EM's fallen angel risk low, keeping an eye on Colombia - PIMCO
By Aaron Saldanha
May 7 (Reuters) - The investment-grade debt of emerging-market countries faces a relatively low risk of being downgraded to "junk" status, a portfolio manager at bond giant PIMCO said on Friday.
"Of the names at risk, it's no surprise that Colombia is the one to watch, here fiscal reform will be key," said Lupin Rahman, head of emerging markets sovereign credit on the portfolio management team at PIMCO, which manages about $2.16 trillion in assets.
Colombia's recent efforts to hike taxes have yielded protests and a new finance minister. Mauricio Cardenas, a former Colombian finance minister, said this week he believed a reform producing 1% of the gross domestic product in revenues is needed to preserve the current rating. nL1N2MT2SF
Meanwhile, PIMCO's Rahman told the Reuters Global Markets Forum that international investors in Chinese corporate bonds could use government debt "as a risk-mitigating instrument" amid possible underperformance of state-owned enterprises' debt.
The country's corporate bonds were jolted last month by fears around the debt repayment ability of state-owned bad loan giant China Huarong Asset Management Co 2799.HK, which Fitch Ratings downgraded even as Huarong companies met some deadlines. nL1N2MK04Z
Rahman said investors were now looking more closely at how implicit guarantees are triggered in China, the extent of information opacity and the quality of regulation, especially in the non-bank financial sector.
Higher commodity prices this year have been positive for developing world countries, Rahman said. While Rahman expects the current inflationary dynamics to be transitory, she is still monitoring their potential "second round" effects on inflation expectations and core inflation.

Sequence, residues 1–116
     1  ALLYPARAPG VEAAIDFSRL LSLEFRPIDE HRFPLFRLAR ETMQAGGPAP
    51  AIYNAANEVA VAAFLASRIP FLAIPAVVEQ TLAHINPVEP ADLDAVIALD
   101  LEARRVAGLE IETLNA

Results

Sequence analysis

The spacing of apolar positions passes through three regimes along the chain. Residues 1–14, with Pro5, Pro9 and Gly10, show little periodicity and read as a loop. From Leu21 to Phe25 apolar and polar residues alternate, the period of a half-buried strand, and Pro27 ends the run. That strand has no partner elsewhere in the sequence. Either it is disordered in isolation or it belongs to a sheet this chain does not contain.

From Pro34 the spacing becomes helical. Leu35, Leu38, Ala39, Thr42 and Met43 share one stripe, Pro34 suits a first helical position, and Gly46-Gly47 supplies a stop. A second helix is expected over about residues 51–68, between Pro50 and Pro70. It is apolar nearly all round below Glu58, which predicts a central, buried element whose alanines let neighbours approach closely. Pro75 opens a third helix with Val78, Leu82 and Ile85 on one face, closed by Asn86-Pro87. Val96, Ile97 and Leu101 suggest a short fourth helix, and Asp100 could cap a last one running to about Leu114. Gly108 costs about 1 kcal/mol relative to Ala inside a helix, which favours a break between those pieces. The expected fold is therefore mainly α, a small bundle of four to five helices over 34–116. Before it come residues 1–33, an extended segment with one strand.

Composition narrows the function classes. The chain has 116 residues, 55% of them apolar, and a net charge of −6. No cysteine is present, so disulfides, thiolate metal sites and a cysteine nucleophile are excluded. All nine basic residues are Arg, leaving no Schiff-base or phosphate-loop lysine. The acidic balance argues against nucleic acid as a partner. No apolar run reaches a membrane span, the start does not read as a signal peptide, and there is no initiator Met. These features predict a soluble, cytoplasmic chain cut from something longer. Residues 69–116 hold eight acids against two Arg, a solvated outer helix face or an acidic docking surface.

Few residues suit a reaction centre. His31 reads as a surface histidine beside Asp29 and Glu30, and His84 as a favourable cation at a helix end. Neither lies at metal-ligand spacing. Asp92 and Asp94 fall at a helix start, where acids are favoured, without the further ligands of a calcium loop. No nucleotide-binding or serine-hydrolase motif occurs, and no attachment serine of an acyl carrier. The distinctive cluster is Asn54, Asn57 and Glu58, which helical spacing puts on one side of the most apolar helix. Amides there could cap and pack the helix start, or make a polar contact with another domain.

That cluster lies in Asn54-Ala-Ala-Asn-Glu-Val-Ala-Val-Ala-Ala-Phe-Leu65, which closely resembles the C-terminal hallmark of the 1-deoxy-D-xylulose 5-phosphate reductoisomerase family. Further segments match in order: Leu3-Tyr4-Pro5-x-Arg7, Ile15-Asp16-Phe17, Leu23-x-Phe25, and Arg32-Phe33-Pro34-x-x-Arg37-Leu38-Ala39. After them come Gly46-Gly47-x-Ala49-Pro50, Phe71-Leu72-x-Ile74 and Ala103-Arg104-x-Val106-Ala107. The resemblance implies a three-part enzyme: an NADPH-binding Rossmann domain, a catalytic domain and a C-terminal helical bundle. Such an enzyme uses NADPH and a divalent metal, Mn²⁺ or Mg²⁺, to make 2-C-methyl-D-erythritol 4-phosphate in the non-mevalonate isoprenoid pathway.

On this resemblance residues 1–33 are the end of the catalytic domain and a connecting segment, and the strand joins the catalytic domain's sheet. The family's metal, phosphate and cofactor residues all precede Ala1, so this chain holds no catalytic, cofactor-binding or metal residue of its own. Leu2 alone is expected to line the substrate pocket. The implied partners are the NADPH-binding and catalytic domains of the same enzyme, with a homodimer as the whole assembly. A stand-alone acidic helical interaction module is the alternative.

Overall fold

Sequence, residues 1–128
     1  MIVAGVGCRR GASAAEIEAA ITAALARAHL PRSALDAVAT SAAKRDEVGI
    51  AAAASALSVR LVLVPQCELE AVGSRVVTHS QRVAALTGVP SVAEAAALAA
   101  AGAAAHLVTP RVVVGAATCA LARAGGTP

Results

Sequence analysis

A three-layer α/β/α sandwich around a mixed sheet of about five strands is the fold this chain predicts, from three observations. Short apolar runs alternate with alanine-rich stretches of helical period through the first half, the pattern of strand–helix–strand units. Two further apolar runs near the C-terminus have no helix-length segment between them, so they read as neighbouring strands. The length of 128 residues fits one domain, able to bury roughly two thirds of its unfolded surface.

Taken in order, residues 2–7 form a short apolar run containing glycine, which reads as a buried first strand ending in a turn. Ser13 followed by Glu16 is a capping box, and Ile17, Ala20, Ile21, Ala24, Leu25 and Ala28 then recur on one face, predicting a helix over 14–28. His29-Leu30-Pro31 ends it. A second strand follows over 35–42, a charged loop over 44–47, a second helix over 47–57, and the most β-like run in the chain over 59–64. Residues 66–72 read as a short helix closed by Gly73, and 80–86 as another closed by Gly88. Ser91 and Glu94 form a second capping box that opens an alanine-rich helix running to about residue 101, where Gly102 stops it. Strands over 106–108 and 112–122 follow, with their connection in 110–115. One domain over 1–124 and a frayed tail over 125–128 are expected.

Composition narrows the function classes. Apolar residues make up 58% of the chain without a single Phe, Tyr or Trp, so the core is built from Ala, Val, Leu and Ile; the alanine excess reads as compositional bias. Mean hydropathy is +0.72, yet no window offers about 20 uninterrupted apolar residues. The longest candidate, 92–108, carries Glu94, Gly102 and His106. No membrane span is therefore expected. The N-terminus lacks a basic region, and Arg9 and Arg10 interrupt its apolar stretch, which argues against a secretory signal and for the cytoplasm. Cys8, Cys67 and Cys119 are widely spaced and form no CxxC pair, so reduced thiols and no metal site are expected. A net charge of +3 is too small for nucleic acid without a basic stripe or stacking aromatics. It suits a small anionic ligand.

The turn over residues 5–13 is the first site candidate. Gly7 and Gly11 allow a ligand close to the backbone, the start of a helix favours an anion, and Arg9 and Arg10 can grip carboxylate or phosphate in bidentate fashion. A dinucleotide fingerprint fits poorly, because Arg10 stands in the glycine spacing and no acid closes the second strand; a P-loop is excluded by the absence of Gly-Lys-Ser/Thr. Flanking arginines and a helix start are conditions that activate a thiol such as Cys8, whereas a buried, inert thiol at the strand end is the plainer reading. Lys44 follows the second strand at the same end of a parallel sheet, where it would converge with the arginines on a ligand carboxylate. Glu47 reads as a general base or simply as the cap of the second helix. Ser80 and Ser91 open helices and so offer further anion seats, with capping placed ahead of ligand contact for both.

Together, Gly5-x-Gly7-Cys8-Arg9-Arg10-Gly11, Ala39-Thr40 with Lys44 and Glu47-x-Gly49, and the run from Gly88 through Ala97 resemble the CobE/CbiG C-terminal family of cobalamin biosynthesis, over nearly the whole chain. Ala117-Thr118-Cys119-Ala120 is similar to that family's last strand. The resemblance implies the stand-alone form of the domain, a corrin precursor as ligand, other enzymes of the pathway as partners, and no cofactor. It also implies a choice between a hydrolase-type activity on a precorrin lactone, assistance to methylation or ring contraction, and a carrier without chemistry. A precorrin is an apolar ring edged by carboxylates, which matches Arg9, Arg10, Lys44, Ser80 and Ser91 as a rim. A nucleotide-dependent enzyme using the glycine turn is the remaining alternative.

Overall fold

A continuation of factors including global liquidity, higher commodity prices, the pandemic's evolution and the domestic policy response are components of Rahman's "central thesis" for investments in local currency debt.
Inflation, in the United States and globally, overtook COVID-19 as investors' biggest perceived challenge to prospects of EM assets, a recent HSBC investor survey showed.
"This may reflect fears (that) reflation and a potential tapering of asset purchases by central banks might lead to a sell-off in EM assets, similar to the 2013's 'taper tantrum'," the bank said.
(These interviews were conducted in the Reuters Global Markets Forum, a chat room hosted on the Refinitiv Messenger platform. Sign up here to join GMF: https://refini.tv/33uoFoQ)
(Reporting by Aaron Saldanha and Lisa Mattackal in Bengaluru; Editing by Divya Chowdhury in Mumbai and Aditya Soni)